French photographer, writer and blogger at Wineterroirs, Bertrand Celce recently visited the Tokaj region and was impressed by the dynamism of its young winemakers.
The Tokaj region may be felt like an established wine region from abroad due to its documented tradition in the past centuries but oddly it’s also a very dynamic region in terms of young artisan winemakers, it’l like if Burgundy met Touraine or Anjou, and there may be several reasons behind this, one of them being possibly the socialist interlude during which the parcels on the slopes, the equivalent of the Burgundy climats were abandoned under the post-war communist rule in favor of massive plantings on the flatland for productivist efficiency : Since freedom of enterprise came back around 1989, daring vignerons had all these slopes (then covered by bushes and woods) to reconquer with great potential for making quality wine again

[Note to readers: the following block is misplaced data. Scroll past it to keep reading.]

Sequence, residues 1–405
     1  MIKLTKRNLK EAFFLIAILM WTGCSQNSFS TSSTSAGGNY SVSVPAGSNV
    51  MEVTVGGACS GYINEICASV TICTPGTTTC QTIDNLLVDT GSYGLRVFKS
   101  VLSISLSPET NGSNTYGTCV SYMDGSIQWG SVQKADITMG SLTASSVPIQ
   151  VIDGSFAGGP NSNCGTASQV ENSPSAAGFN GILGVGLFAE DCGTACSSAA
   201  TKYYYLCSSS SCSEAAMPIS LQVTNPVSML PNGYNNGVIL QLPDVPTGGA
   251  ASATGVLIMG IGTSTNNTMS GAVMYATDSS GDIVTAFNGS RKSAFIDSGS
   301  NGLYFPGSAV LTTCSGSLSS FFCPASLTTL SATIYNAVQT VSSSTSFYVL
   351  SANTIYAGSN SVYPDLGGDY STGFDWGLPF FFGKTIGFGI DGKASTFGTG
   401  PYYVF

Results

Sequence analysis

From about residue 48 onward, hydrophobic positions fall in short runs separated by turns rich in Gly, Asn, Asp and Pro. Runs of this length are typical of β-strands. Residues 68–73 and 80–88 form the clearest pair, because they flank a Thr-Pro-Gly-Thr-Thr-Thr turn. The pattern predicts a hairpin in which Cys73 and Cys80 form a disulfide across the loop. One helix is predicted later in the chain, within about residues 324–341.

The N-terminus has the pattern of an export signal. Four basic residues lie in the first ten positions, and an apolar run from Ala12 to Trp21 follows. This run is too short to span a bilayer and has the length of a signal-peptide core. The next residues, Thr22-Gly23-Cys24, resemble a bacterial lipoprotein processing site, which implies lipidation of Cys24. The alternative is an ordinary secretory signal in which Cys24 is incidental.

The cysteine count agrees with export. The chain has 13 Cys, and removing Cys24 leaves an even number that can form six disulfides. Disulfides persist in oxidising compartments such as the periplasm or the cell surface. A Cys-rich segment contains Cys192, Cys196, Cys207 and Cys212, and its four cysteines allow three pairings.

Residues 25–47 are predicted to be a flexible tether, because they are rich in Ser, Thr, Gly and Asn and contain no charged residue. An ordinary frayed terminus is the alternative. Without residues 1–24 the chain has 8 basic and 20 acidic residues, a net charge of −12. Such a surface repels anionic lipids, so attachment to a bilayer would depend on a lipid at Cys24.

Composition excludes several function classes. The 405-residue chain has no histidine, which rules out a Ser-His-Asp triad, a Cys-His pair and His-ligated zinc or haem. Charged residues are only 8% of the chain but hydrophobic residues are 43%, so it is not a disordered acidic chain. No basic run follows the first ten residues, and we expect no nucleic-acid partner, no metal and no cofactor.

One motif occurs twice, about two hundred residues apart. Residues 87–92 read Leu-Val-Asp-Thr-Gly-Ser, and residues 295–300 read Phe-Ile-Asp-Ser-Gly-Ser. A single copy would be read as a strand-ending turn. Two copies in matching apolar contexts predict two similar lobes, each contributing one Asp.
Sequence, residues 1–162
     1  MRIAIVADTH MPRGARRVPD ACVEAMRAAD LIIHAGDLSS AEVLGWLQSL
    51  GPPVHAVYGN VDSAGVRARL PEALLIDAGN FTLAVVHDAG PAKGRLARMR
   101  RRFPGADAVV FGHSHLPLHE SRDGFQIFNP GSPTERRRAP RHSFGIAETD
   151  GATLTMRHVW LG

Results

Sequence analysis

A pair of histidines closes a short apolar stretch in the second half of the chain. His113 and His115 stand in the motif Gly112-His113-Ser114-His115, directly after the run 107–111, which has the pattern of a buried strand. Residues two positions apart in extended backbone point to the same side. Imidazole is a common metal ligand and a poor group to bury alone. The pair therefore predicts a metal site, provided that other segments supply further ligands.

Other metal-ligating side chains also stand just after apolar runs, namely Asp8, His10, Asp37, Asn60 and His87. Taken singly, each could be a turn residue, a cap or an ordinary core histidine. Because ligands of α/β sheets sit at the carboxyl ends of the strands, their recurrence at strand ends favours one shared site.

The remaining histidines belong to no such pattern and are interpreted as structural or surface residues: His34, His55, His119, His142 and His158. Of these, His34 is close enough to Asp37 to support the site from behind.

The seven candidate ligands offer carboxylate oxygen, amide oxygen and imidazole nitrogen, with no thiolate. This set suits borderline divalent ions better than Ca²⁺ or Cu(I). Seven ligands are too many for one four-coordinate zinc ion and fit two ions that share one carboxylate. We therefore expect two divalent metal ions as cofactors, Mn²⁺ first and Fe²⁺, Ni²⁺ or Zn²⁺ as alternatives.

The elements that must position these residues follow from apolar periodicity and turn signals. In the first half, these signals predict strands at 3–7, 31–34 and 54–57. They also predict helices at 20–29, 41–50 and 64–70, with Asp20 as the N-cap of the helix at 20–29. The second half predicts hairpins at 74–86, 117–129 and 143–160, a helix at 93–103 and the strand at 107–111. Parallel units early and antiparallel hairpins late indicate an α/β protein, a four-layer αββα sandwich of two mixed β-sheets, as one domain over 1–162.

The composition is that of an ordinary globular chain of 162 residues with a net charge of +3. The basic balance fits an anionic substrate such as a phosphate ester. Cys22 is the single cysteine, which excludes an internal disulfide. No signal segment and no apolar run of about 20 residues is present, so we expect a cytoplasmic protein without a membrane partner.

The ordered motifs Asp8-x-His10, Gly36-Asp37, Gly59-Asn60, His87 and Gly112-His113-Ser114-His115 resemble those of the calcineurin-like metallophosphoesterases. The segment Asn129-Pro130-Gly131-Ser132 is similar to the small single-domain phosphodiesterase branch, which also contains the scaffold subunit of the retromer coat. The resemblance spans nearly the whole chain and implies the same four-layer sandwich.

During his trip, he visited the vineyards and cellars of Bott Winery owned by Judit & József Bodó, and tasted the estate’s latest production:
Teleki 2015, made with Furmint and a bit of Hárslevelű (there are a few complanted vines). Vines are 70 years old, their oldest parcel. Loess soil with lots of chalk. Complexity on the nose with Berlingot aromas. Elegant wine with good length in the mouth, no spitting, I don’t care about drink & drive rules…. Sells for 5400 Forints (17 € or 19 USD). In 2015 the berries were very small because of the dry weather and they had much smaller volumes.
Read the whole article and enjoy Bertrand Celce’s photos here.
We’re looking forward to tasting Judit & József latest wines when they’re bottled later this year and shipped to the US. In the meantime, we can enjoy the Bott Határi Hárslevelű 2012 and Bott Határi Hárslevelű 2013. These are two highly mineral Hárslevelű, sourced from the the Grand Cru Határi, a complex terroir characterized by its mix of clay, limestone, rhyolite-tufa, and obsidian rocks.